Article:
Introduction and methods sections reproduced from: Early Breast Cancer Trialists' Collaborative Group, "Treatment of Early Breast Cancer. Volume 1. Worldwide Evidence 1985-1990"
Oxford University Press 1990
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||Systematic public availability of randomized trial results
||Informative overviews even of somewhat different trials, despite heterogeneity of design and of size of treatment effect
||Importance of reliably assessing MODERATE treatment effects
||Two main reasons for using overviews of properly randomized trials to assess MODERATE treatment effects: avoiding selection biases and reducing random errors
||Review of many trials, with no data-dependent omissions, to limit selection bias in assessment of treatment effects
||Other selection biases either in design or in analysis of trials
||Proper randomization (with no subsequent exclusions) to limit selection bias in design of trials of moderate treatment effects
||Selection biases from subgroup analyses: statistical difficulty in the assessment of qualitative "interactions" and of quantitative "interactions"
||Specific categories of patient or of treatment: data-dependent emphasis on subgroup analyses versus indirect extrapolation of overall analyses
||Use of recurrence data, as well as mortality data, to study interactions unbiasedly
||Use of overviews to assess effects of treatment on other specific causes of early death, or other rare endpoints
||Use of overviews to improve the reliability of data from particular trials
||Summary of the inclusion criteria for trials in the present overviews
||Principles of identification of trials: selection bias may be limited even without absolute completeness
||Practice of identification of trials: multiple sources of information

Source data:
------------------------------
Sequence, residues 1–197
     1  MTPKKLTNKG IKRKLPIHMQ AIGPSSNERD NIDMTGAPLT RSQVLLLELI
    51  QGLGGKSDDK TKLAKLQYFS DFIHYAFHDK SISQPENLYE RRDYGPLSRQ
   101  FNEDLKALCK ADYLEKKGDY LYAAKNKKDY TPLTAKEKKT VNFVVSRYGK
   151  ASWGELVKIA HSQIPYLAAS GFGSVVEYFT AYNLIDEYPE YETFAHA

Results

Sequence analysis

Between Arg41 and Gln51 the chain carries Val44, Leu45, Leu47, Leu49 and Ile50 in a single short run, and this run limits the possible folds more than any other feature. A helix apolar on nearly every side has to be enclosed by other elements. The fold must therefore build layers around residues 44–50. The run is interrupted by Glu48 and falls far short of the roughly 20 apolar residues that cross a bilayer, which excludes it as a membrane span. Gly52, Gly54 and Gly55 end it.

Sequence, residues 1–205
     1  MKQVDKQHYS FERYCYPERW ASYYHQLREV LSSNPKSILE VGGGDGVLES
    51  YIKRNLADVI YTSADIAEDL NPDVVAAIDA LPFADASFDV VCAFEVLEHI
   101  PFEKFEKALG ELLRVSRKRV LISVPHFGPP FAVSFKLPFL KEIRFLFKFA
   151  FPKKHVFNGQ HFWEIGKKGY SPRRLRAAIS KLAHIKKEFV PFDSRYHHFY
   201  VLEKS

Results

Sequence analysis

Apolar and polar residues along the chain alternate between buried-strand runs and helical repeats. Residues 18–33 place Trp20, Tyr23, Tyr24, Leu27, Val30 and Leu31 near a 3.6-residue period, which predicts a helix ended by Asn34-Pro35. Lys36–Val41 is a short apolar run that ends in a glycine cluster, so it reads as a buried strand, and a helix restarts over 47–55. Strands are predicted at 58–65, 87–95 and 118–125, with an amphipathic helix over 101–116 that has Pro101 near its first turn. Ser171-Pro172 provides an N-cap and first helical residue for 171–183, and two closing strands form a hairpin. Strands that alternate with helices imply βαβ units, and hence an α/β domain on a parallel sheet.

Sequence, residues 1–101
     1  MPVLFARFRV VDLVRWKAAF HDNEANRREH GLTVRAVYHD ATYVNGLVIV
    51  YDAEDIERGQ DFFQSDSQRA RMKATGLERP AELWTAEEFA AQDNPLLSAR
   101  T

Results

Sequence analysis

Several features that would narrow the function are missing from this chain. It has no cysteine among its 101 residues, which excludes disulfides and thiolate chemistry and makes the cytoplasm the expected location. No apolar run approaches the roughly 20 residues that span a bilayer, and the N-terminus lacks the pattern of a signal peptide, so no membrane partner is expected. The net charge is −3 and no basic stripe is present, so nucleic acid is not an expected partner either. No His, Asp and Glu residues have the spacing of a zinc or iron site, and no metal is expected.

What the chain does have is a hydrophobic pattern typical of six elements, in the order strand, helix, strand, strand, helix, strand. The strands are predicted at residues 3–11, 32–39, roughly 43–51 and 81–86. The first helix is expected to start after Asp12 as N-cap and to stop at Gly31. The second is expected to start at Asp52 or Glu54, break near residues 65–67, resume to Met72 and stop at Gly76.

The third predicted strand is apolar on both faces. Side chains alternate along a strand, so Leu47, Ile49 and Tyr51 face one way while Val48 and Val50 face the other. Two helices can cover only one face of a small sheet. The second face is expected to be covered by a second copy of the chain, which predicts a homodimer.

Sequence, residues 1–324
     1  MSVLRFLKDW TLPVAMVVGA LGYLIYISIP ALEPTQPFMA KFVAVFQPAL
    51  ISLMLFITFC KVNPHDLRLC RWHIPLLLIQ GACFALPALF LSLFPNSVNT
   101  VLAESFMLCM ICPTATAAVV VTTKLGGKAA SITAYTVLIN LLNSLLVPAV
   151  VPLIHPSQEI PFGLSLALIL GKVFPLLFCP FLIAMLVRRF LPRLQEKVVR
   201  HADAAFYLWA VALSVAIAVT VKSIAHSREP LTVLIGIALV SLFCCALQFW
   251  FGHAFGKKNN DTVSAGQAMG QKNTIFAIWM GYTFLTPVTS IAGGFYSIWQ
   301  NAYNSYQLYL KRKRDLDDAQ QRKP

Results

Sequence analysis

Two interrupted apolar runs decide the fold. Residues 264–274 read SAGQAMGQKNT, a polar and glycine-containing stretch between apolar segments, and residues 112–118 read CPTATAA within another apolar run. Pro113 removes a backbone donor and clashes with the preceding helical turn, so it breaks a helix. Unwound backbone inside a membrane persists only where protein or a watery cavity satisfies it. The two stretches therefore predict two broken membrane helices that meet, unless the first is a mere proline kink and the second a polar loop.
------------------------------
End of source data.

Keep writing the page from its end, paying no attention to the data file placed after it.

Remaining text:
||Methods of seeking data from individual trials
||Methods of checking data from individual trials
||Methods of publishing data from individual trials
||Medical assumptions: (1) modest sizes of treatment effects, and (2) differences of size but not of direction between effects in different circumstances
||Comparisons only of like with like, based on "Observed minus Expected" (O-E) differences in each separate trial
||Routine stratification of all main analyses by age (<50, 50+) and by year (1, 2, 3, 4, 5+) of follow-up
||Additional stratification of selected analyses for the available information on nodal status or Estrogen Receptor status
||Arithmetic procedures for calculation of Observed minus Expected (O-E) numbers of events among treatment-allocated patients, and for obtaining "two-sided" significance levels ( 2 P )
||Interpretation of P-values: statistical significance and medical judgement
||RESULTS OF RADIOTHERAPY TRIALS as an example of the summation of (O-E) values from different trials to provide an overall test of the "null hypothesis" of no treatment effect
||Use of (O-E) values to provide a description of the typical reduction in the odds of treatment failure (i.e. to describe the "alternative hypothesis")
||Graphical display methods for separate trial results, and for an overview
||Similarities between risk ratios, death rate ratios and odds ratios when event rates are low
||Logrank "year of death" analyses for statistical significance tests, and for estimation of reductions in annual odds of death
||Life-table estimation for descriptive purposes
||Test of heterogeneity between several different trial results
||Arithmetic details of tests for trend, for heterogeneity and for interaction
||Practical meaning of a clear effect of treatment in a single large trial
||Practical meaning of a clear effect of treatment in an overview of many trials
||Fixed-effect "assumption-free" methods, and random-effect "assumed representativeness" methods
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